NOTE: If you have arrived here from Boston.com, the quoted post is one below this.
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As the story of Henry Louis Gates, Jr.'s arrest continues to percolate, a new issue is arising regarding President Obama's comments about the Cambridge PD "acting stupidly" when they arrested Gates. The White House has since clarified that Obama's remarks did not mean that Sergeant Crowley was stupid, but that cooler heads should have prevailed. Unions and supporters of Sergeant Crowley have called for Obama to apologize for his remarks.
So should Obama have weighed in on this issue? Let's remember that Obama did not offer up the issue voluntarily, he was asked about it and he gave his opinion of the matter. We can all criticize Obama for not having been there (and thus not knowing 100% of what went down), but none of us were there, either, and yet we continue to debate the issue. Obama, in my mind, had every right to talk about it, but I would have gone about it a bit differently.
Was "stupid" the correct word choice? It would not have been at the top of my list. We have to remember, though, that being black in America is a very different experience than being white; there is no way around that. We can fantasize about post-racial America and all of that, but as Michael Eric Dyson said a few days ago, the only black man living in post-racial America lives at 1600 Pennsylvania Avenue. The fact is that this arrest has hit closer to home for some folks than for others.
Let's look at the facts. There is an undisputed history of racism and racial profiling in this country (just today it was reported that police down in Texas have been suspended for circulating racist emails about Obama). We all remember the whole bussing embarrassment in Boston, and who could forget Charles Stuart's unbelievable actions? All you have to do in this country to find racial undertones is scratch the surface. So when Gates was asked by a police officer why he was in his own home, is it that unreasonable for him to assume that his race may have had something to do with it?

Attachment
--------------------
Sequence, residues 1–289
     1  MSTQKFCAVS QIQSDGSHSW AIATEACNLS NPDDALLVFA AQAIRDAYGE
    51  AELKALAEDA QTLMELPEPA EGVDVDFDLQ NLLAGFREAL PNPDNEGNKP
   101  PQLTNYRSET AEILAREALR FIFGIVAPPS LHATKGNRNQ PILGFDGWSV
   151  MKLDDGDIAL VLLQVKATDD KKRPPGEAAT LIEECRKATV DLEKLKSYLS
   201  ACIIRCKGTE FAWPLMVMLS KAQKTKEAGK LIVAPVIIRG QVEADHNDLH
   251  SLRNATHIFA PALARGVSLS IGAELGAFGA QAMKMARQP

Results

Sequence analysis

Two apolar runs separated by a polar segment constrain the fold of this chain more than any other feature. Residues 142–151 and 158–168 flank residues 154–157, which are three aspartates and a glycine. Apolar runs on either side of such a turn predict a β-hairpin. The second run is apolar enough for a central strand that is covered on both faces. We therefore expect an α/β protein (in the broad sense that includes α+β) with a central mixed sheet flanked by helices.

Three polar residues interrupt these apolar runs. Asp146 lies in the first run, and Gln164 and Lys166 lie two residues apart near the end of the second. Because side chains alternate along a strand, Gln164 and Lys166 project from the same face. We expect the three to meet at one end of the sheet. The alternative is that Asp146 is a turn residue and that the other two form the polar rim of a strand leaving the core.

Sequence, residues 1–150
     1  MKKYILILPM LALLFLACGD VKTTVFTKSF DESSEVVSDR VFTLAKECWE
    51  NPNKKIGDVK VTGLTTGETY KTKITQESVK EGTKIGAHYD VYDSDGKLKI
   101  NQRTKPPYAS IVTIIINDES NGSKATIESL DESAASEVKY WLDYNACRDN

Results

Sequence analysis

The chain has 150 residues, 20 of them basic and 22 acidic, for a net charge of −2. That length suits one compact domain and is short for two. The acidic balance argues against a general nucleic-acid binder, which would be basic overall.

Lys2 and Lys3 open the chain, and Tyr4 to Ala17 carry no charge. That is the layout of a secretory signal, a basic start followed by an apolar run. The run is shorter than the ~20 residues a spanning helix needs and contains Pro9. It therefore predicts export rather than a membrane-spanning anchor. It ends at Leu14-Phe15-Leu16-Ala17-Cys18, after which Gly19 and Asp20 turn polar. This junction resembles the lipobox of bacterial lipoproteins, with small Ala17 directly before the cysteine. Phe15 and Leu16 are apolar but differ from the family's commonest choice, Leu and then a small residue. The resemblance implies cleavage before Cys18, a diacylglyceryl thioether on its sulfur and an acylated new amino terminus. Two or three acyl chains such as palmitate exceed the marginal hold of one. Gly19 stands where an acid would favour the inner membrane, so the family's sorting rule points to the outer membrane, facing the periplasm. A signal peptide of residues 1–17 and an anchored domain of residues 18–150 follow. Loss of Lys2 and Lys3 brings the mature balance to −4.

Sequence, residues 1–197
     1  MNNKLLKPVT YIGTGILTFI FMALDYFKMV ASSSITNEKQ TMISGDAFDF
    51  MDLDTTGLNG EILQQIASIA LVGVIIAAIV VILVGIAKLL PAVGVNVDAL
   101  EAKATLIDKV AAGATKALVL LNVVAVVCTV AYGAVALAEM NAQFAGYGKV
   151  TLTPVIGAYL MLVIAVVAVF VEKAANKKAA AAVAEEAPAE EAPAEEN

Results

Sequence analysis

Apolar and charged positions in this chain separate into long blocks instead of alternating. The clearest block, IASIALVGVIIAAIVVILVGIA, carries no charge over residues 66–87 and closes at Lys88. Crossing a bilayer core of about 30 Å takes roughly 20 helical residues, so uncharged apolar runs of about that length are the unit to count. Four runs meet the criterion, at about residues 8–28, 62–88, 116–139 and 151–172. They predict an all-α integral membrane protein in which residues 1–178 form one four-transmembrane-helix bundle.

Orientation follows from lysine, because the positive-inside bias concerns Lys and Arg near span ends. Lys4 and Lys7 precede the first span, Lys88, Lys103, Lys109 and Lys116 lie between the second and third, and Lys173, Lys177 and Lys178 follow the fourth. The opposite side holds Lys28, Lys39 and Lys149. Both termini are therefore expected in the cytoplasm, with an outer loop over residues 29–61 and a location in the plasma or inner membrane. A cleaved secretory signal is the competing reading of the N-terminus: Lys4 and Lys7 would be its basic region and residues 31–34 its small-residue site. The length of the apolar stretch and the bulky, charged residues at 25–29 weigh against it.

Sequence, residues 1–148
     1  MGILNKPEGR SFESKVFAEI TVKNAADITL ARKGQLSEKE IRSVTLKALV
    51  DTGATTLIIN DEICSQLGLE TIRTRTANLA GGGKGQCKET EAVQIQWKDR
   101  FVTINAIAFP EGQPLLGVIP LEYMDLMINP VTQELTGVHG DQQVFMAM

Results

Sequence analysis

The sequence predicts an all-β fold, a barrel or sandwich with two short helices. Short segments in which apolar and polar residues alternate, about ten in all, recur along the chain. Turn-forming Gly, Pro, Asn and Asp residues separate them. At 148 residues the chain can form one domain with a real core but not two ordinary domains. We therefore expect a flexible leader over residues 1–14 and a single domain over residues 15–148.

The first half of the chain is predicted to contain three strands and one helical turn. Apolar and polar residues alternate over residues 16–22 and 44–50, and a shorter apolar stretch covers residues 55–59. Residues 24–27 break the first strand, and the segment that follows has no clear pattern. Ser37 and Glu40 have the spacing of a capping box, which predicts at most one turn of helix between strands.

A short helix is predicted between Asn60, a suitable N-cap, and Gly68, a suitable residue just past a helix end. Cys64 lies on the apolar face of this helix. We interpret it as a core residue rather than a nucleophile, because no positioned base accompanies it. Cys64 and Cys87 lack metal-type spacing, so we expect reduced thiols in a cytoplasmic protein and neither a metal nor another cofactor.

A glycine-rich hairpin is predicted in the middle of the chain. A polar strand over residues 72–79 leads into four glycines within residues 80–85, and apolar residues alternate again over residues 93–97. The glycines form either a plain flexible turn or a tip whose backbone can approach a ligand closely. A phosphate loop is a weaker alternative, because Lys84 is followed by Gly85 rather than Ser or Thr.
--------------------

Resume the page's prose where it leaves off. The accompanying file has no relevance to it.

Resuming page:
Additionally, Obama's words are often taken out of context. He was not calling anyone on the scene stupid, he was saying that the arrest itself was stupid. Again, not the word choice I would have gone with, but don't forget that the charges were dropped at the request of the same department that employs Crowley as a Sergeant. If this were a good and legal arrest, Gates would be facing charges right now, but the fact remains that it was not. Does this make Crowley a bad person? No. He just made a mistake. What is telling is his stubbornness in not apologizing or at least backing down.
Was race a factor in Gates' arrest? I have no doubt. From the phone call from this mystery 40 year old woman who could not even recognize her neighbor (who happens to be somewhat of a celebrity), (EDITOR'S NOTE: As stated in the previous post, the actual caller seems to have just been relaying information given to her by a neighbor, who may or may not have been influenced by the race of Gates and his driver - that we'll probably never know) to the discussion Gates and Crowley had, race was all mixed in like the Oreo McFlurrys I used to make on 128. But we have to look at the facts: Crowley arrested Gates for a questionable crime and all charges were dropped at the insistence of Cambridge PD. Whether you think Crowley's a jerk or Gates is a jerk, the fact is that Crowley was overruled by his superiors; there's no getting around that. Peace.